01 Jul 2018

    I Admit It - Clothing Is My Armour Featured

    I’m a fraud.

    I have been told on many occasions that I look like a very confident person. That I give off an air of sophistication, that I look “bougie” and even that I look intimidating – Who? Moi? But, the truth is, I’m none of those things, but I sure have become quite gifted at faking it!

    I’ve spent the last 35 years slowly watching myself go blind. Watching from the inside out as people’s faces have gradually become less recognizable, numbers seemingly began to blend into each other and having to increase the magnification on my computer screen more and more with each passing year.  Over time, I could no longer appear to look people in the eye, thus changing how I had once communicated and connected with the world around me. All of this while trying to continually figure out how to find new ways to successfully function in a world where differences are not always celebrated and disabilities are viewed with at best pity, at worst contempt. Let’s just say, I don’t always feel confident, sophisticated or intimidating.

    In my battle to find my place in the world, my clothing has become my armour, empowering me with the ability to have some control over how I feel, how I’m perceived and how I’m treated so that even if I’m really freaking out about that interview or speaking engagement, no one will ever know. Every superhero has something they are trying to hide, and though technically I’m no superhero (yet lol), I employ the same tactics. What I wear and how I carry myself allows me to draw people’s attention to the things about me that I want them to focus on, while redirecting the focus away from what I don’t want them to see. Basically I’m pretty much a Houdini using clothing as my smoke and mirrors.  

    I’ve faced many challenges being a person with a “disability” (don’t you just hate that term? The connotation is one of weakness, inability, unattractiveness and everything else that can sound negative when it comes to a person). I learned at an early age the importance of assuming control of the conversation when I meet someone. By this I mean, finding ways to get an individual to see me, before they see my “disability”, and my go-to tools on my utility belt are my clothing and my body language.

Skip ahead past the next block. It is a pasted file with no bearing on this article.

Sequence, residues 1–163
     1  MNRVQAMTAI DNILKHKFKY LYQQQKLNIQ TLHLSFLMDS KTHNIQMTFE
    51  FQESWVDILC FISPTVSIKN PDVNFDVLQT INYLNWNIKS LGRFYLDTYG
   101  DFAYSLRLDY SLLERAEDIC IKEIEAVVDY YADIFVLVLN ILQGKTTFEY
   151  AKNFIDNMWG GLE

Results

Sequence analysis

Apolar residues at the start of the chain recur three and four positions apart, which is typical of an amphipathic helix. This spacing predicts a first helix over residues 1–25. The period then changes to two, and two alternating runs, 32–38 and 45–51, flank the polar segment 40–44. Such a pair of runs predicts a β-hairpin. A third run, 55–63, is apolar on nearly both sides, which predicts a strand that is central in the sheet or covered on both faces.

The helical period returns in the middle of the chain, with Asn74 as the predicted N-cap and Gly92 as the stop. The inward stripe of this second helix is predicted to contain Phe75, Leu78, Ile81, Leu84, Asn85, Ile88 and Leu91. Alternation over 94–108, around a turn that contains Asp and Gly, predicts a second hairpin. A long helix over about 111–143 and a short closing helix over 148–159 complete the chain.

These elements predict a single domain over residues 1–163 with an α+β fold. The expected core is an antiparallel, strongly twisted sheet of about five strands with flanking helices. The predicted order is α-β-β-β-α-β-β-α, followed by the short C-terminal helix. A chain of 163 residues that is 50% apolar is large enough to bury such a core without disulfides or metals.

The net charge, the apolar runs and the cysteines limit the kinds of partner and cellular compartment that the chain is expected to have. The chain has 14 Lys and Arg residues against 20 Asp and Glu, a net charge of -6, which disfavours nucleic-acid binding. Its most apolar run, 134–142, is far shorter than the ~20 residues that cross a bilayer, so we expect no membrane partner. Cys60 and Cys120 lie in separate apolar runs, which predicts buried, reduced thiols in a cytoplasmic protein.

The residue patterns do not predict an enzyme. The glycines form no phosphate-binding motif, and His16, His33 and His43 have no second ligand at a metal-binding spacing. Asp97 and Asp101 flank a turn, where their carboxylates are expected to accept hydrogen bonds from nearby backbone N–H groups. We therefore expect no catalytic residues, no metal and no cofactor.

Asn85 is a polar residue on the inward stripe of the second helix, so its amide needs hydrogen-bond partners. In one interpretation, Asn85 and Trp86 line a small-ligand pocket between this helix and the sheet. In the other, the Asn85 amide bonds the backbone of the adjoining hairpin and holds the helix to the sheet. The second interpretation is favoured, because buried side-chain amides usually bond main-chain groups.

I never thought about my “faking it” in so many words until I watched a TED Talk by Social Psychologist Amy Cuddy called: Your Body Language May Shape Who You Are. In it, she discussed the study she had done of the body language of confident, alpha type individuals and those of less confident individuals. Scientific research shows that performing the poses or characteristics of an “alpha” can help you become more alpha like; basically, faking it until you make it. Science has also shown that what you wear can have a direct impact on how you feel about yourself. Essentially, look good, feel good. I can vouch for the fact that these two tools can go such a long way to helping you feel good about yourself.


    When I walk into a room, rather than trying to blend in the way I used to want to do when I was a kid and trying so desperately to fit in with my friends and hide the fact that I was the “blind girl”, now I want people to notice me. My very big, natural hair, my tall frame and often, my very bold outfit. I have had to walk into environments where I don’t even know if I will be able to see well enough to navigate the space, but rather than running away from the situation or being timid and staying around the edges of a room trying to blend in, I choose to express the part of myself that is most important: my personality, my creativity through my style aesthetic, and my uniqueness, not because I’m female, black, blind and have managed to successfully navigate a world that tells me I don’t belong on an HOURLY basis, but because I’m an amazing person, deserving of respect, dignity, acceptance, and love.